The next screen will display the options to create a Windows Azure Storage Account or a Hosted Services Role. Click on the Windows Azure Storage Account option.
On the screen that renders fill out the service label and description. Both of these fields are mostly free text, allowing spaces and special characters. Click next when you have filled out the label and description.
The next form that comes up has the public storage account name. This field must be compliant with URI naming conventions. The idea also is that these storage services use a RESTful API, it is best to follow the REST Architecture ideals and name the location something easy to read and to remember. You can click the check availability button to verify if the name is used or not. If it is available move down and select Anywhere US for the region.
Once you are finished click the create button at the bottom of the form. The next window will render the results of creating the Windows Azure Storage Account. This page has all the information you’ll need to fill out the Windows Azure MMC connection information.
If you still have the Windows Azure MMC open, bring focus to it again. If not open it back up and open the Windows Azure Management tree view back to the Service Management Node and verify or enter the information for the subscription ID and API Certificate. Now click on the Connect link button on the right hand window pane. The MMC will then connect and will populate the Default storage account drop down. Click on the drop down and you will see your Windows Azure Storage Account that we just created.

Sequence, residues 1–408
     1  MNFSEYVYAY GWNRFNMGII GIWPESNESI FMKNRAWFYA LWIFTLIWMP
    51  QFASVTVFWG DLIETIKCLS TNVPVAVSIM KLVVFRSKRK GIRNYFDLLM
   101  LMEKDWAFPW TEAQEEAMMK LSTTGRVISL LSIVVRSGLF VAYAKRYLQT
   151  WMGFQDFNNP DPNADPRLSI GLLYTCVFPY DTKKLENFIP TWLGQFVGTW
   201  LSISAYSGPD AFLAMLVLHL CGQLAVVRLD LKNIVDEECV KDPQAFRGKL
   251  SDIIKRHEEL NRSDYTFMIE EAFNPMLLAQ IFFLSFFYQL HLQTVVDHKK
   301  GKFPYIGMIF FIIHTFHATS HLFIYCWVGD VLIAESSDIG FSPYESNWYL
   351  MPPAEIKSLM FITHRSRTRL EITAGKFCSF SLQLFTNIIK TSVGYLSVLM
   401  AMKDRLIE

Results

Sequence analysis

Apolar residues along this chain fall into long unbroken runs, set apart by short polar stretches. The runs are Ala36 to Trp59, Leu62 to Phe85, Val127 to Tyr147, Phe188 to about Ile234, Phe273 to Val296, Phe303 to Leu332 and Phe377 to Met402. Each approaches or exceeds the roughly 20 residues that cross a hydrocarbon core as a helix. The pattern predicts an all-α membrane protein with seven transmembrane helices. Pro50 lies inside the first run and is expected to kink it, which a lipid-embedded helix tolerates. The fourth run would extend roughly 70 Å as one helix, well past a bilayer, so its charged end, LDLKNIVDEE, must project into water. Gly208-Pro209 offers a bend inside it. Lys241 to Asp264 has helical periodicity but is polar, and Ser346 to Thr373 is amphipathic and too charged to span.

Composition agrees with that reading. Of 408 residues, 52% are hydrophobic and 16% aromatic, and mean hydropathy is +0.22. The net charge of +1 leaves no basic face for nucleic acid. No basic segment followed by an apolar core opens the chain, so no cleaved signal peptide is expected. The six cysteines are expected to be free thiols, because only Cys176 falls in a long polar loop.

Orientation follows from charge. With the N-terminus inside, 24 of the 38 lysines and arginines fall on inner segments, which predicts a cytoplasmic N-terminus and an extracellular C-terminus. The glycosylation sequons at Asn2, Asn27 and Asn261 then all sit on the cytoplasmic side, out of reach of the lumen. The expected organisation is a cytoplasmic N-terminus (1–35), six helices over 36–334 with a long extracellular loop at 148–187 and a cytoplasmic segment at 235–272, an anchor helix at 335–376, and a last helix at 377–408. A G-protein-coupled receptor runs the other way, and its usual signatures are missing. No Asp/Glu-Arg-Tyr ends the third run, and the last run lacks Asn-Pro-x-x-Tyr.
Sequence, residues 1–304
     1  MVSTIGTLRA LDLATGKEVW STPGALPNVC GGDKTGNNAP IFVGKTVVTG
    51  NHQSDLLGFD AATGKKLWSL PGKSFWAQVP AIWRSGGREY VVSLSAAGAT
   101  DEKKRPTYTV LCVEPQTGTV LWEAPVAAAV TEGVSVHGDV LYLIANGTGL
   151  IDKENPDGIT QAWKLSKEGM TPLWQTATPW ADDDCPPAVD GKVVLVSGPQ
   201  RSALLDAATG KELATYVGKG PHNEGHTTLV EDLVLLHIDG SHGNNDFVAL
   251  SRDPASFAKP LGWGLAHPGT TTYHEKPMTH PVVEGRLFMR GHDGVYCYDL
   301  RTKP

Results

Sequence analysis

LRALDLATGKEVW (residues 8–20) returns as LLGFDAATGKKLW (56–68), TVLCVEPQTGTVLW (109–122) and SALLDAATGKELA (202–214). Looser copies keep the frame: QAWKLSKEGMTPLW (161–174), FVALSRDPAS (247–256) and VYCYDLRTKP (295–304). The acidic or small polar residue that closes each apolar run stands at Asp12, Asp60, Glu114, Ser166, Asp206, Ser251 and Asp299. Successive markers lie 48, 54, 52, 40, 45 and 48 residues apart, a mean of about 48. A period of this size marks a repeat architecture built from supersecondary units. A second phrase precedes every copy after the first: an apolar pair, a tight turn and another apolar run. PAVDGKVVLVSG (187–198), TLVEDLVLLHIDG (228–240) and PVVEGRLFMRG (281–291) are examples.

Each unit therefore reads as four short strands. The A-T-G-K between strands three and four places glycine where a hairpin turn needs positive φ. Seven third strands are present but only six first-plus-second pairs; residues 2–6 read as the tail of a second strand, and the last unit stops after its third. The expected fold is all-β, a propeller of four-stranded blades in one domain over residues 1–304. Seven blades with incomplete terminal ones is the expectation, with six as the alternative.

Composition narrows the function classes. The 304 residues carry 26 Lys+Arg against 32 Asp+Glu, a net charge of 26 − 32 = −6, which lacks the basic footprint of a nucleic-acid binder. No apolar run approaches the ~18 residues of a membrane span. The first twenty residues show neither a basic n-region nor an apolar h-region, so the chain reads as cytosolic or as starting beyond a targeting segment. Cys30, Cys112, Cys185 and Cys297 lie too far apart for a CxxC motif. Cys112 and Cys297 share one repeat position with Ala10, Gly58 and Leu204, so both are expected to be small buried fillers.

Now that we have a Windows Azure Storage Account, let’s get a Windows Azure Services Role running also. Navigate back to the Windows Azure Platform Web Interface (http://windows.azure.com). Once the page has rendered click on your specific project, wait for that page to render and then on the +New Service link. This time select the Windows Azure Services Role to create. On the next page fill out the service label and description the same as with the Windows Azure Storage Account creation.